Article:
Fr Thomas Azzi OP is beginning a new theology course. This semester will cover the foundations of Catholic Social Teaching.
The Caroline Chisholm Library will be closed most days over the Christmas recess.
Our final day of normal opening will be Saturday 21 December.
For most of January, we will be open on Wednesdays only, specifically the 8th, 15th, 22nd.
We will go back to our normal opening starting Wednesday the 29th, after the Australia Day long weekend.
Have a happy, holy and safe Christmas break.
After the successful launch of Rob Stove's first commercial CD The Gates of Vienna in 2018, we are pleased to host the launch of his new CD Pax Britannica, a compilation of organ music by the composers of Victorian and Edwardian Britain.
Dr Paul Watt, musicologist from the Sir Zelmen Cowan School of Music at Monash University, will be the guest speaker.
The Caroline Chisholm Library is taking bookings for its upcoming seminar “Opting out: conscientious objection in a liberal society” at 6:30pm-9:30pm on 23 July.
Philosopher Professor David Oderberg of Reading University will deliver a keynote address by video conference, followed by Q&A. Professor Oderberg is globally recognised as a leading thinker on conscience rights, and was cited by the US Supreme Court in Burwell v. Hobby Lobby. His recent book titled "Opting Out: Conscience and Cooperation in a Pluralistic Society" is the inspiration for this event.
The Library will be running on reduced hours in January. We will be open only on Wednesdays, specifically the 9th, 16th, and 23rd.
We will re-open for normal hours on Tuesday the 29th of January.
Fr Peter Joseph writes “... before devotion to the Sacred Heart was public and general, and long before it became a universal feast in the Roman Liturgy in 1856”, Carthusians monks were “its lovers and devout clients in the solitude and silence of the cloister.”
Join us on 16 November for the launch of this profound work of spirituality by Father Joseph.
Our Caroline Chisholm Library Fundraiser, due on 9 October at St Mary's College Parkville, has been postponed due to low numbers.
We will host an event with Bishop Umbers in due course. In the meantime, keep an eye on our website for future events.
Associate Professor Patrick Quirk (pictured), from the Australian Catholic University and Scholar in Residence at St Mary’s College, will give a talk on conscience protections on Wednesday 19th September at 6.15pm for 6.30pm.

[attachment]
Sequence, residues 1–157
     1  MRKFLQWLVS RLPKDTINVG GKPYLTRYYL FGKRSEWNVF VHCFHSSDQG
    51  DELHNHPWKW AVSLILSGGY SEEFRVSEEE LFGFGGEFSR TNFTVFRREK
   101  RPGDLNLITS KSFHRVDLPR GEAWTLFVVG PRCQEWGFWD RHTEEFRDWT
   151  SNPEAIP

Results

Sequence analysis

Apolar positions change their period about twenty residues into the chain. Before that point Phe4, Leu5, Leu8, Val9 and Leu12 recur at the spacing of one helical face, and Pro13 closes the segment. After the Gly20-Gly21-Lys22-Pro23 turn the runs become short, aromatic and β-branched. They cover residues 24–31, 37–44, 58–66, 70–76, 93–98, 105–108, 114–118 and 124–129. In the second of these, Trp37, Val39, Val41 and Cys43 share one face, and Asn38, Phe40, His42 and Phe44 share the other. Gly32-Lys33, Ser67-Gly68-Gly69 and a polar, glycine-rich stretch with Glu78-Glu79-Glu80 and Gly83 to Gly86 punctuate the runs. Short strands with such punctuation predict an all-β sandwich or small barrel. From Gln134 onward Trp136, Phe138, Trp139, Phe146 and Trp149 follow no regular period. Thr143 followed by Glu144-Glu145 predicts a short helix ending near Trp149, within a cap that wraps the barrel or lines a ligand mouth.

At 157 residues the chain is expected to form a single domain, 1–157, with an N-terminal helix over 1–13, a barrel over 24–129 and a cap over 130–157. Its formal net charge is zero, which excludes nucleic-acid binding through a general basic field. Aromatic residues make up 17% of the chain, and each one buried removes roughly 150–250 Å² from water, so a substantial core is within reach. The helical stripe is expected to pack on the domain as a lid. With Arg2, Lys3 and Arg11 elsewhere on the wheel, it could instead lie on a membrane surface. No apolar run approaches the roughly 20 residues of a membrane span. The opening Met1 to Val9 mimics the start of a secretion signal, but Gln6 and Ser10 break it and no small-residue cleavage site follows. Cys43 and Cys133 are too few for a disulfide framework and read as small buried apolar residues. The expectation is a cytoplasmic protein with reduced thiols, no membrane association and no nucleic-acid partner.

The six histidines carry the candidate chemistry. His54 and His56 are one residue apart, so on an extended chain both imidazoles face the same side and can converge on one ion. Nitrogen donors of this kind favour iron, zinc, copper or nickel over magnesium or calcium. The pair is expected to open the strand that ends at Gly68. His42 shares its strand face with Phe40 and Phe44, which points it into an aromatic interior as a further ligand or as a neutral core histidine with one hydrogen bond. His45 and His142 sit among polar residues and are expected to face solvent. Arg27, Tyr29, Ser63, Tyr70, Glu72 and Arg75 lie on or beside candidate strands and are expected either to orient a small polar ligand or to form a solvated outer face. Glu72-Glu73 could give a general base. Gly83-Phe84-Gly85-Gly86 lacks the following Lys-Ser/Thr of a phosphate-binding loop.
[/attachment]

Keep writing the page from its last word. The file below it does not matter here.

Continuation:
Conscience protections, particularly for professionals, are a hot topic in Victoria and in Australia more widely. It is now impossible to avoid the many areas of public life in which private moral or religious convictions come into conflict with rights claims of others and with regulations which are based on particular political world-views.
This talk will examine the difficulties in defining “freedom of conscience” and “conscience-protection” in many liberal democracies, where the terms of conscience have been uncoupled from their original religious or at least metaphysical foundations.
The Caroline Chisholm Library community warmly congratulates Robert J Stove for his performance CD “The Gates of Vienna: Baroque Organ Music from the Habsburg Empire”. The CD will be launched at 6 pm on July 11th at the Library.
John Young's Tuesday Course on Catholic Doctrine classes have resumed. This theology course, based on Father John Hardon's book The Catholic Catechism (available in the Library), is on each first and third Tuesday nights of each month, from 6:15 PM till 7:15 PM.
"When England returns to Walsingham, Our Lady will return to England" - Pope Leo XIII.
Penny Renner will recount her four-day walking pilgrimage across Norfolk to the Shrine of Our Lady at Walsingham, from King's Lynn through the Sandringham woods, via a ruined castle, an Anglo-Saxon burial mound, nettle-choked lanes and a host of tiny country churches that gave shelter from the changing weather.
On Thursday 21 September, Rob Stove will present on the life and music of Sir Charles Villiers Stanford (1852-1924). Born in Dublin but mostly resident in London and Cambridge, Sir Charles just might be the best late-Romantic composer whom you haven’t yet encountered.